Most of us work more than we live, which is to say we spend considerably more time at the office and with our coworkers than we do with the human beings we actually want in our lives. It also means that the stressors and anxieties of work become a significant part of who we are — and can be a real drag even when we’re not at the office. We don’t want all that stress to get to you , though— or worse, kill you. That’s why we’ve enlisted Terry Petracca, the hippest HR expert we know, to help solve all your work-related woes.
Once an office cancer has taken hold, how do you keep them from becoming completely malignant? Or is that impossible unless they leave — either by choice or by being fired? —Matt W., Washington, D.C.
Office cancers take many different shapes — benign to malignant, to continue with this analogy. Benign workplace cancers, just like their medical counterparts, are superficial. These are the people who publicly say stupid stuff (“When’s the baby due?” to someone overweight), act out in stupid ways (rudely leaving meetings before they’re done) and generally haven’t figured out that being a petulant child isn’t appropriate work behavior. Just like dealing with a 6-year-old, you need to continuously call out the BS and bad behavior (sometimes publicly, sometimes privately) to stop it. When all else fails, give them a time-out (i.e., don’t invite them to meetings until they can act like a professional/adult).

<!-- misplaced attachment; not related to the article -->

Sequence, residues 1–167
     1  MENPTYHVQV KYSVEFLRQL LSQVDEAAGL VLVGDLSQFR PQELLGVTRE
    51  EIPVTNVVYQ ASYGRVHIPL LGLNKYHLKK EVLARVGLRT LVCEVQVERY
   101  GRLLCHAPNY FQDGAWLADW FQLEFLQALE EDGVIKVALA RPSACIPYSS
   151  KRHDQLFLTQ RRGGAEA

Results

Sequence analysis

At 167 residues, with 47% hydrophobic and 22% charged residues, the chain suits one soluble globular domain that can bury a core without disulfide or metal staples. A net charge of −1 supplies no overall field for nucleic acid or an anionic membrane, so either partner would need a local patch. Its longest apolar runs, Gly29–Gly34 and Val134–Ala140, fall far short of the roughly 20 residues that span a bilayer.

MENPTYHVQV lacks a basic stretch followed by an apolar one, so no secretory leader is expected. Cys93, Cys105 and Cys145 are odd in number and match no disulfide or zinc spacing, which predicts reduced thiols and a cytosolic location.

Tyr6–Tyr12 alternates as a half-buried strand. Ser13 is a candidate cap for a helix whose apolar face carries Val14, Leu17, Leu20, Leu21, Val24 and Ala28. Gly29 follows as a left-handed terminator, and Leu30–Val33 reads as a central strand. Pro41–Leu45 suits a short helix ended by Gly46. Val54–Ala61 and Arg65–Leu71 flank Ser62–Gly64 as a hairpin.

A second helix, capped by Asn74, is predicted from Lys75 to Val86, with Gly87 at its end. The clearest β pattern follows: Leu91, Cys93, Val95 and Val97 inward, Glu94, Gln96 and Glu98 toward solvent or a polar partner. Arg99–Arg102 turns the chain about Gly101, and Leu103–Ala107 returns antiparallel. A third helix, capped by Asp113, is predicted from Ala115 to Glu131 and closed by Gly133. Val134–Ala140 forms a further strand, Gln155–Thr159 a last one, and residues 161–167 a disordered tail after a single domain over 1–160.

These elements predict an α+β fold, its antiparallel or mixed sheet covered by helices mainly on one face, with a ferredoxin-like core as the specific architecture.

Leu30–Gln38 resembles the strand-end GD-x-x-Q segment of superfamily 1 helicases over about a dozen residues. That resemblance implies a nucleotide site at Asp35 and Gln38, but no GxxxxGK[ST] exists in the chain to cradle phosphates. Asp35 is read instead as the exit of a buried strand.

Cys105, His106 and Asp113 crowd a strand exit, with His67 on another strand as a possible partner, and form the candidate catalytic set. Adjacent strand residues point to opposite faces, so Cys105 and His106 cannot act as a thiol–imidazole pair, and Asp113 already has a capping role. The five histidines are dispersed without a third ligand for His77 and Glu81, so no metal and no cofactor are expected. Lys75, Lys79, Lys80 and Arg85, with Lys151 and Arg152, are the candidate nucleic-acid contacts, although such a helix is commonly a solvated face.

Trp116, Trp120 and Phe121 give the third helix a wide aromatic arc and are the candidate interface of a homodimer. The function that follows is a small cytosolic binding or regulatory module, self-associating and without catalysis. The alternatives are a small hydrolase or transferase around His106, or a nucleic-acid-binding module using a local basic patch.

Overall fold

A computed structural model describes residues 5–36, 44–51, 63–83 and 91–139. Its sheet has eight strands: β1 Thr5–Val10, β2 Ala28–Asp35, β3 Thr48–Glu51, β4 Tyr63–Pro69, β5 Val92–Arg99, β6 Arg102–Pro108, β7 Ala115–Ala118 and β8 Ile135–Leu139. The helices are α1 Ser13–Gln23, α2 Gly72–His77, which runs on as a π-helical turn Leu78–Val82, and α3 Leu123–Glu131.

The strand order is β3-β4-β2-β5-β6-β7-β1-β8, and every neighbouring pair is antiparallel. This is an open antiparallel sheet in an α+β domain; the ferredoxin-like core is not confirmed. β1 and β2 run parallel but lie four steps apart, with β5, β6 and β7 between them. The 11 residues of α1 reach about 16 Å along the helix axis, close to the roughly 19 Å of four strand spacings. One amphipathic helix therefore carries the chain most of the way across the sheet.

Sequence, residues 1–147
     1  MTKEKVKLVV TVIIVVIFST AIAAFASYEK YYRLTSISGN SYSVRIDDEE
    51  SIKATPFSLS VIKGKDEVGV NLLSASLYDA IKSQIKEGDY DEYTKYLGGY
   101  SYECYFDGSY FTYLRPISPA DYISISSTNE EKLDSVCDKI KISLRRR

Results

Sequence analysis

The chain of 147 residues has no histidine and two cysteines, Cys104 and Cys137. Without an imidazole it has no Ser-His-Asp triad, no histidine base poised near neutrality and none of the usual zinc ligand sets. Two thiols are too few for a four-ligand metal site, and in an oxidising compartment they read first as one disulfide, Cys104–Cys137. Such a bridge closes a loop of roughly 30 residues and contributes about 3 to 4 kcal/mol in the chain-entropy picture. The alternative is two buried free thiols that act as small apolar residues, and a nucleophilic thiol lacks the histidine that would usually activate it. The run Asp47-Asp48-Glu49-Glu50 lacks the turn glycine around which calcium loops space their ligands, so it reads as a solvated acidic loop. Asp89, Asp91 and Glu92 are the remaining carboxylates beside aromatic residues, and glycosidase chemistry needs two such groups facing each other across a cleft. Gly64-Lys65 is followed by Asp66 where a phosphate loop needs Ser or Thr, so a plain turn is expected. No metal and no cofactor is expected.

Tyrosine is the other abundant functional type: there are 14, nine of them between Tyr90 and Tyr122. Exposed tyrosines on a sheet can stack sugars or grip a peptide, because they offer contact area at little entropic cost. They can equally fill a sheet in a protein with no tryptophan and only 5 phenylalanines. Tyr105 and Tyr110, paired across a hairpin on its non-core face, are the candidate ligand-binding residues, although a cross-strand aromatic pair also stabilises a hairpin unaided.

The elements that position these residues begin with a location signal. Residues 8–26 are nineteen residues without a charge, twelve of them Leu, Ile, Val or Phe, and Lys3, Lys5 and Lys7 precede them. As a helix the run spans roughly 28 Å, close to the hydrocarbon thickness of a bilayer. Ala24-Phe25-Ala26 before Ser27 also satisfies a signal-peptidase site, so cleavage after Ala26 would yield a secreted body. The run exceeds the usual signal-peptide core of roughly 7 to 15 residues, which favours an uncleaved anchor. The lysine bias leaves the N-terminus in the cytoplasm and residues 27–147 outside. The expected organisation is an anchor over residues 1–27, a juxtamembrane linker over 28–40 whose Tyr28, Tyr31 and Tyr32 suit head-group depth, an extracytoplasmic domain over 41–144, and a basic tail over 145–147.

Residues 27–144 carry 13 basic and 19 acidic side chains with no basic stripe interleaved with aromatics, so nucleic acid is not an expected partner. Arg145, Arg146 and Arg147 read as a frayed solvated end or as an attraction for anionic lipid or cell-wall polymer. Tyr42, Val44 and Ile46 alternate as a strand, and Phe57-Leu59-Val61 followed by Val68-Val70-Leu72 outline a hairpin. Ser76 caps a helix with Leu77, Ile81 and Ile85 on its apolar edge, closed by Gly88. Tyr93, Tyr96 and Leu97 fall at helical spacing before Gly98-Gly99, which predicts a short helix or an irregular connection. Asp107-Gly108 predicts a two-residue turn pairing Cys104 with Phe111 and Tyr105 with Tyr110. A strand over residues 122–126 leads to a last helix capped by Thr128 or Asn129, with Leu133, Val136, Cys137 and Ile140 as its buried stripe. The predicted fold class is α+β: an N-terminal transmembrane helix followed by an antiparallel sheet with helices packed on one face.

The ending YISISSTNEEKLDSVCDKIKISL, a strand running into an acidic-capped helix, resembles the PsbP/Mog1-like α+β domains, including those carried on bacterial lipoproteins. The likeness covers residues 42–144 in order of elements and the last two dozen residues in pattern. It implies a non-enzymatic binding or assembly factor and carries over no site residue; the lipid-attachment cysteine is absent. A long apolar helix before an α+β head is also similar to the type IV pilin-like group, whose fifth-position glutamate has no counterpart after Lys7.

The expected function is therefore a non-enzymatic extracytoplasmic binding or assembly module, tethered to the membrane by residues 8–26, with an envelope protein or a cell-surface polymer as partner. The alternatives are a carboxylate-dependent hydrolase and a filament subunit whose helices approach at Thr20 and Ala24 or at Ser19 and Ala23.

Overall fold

But when your co-workers are Machiavellian bastards (gender-free language here), they contaminate everyone and everything they touch. That’s the malignancy to which you refer. Subtlety doesn’t work on this group. In many cases, they know how toxic their behavior is, and they revel in its mean-spiritedness because they believe this is how they became successful — think bullies, liars and cheaters. If they’re oblivious to their Breaking Bad modus operandi, you’re dealing with an individual who is completely out-of-touch, in denial or a sociopath.
Malignant cancers can only be dealt with through intervention. Just like real life, wishing and hoping doesn’t make it go away. Get some brave soul to allege bullying or harassment. Then there’s the opportunity to investigate, assess and take action, including coaching, discipline or termination. Astute managers should also be attuned to changes in team dynamics—i.e., people not wanting to work with specific colleagues, whispers or crying.
One thing is certain, though: You need to take action once you’ve been able to confirm the diagnosis. This is one case where having the employee leave is usually better for everyone involved.
Don’t just complain to your coworkers about everyone else you work with — let Terry help. Email her all your office-related anxieties at firstname.lastname@example.org. Or, if total anonymity isn’t required, leave a question in the comments below.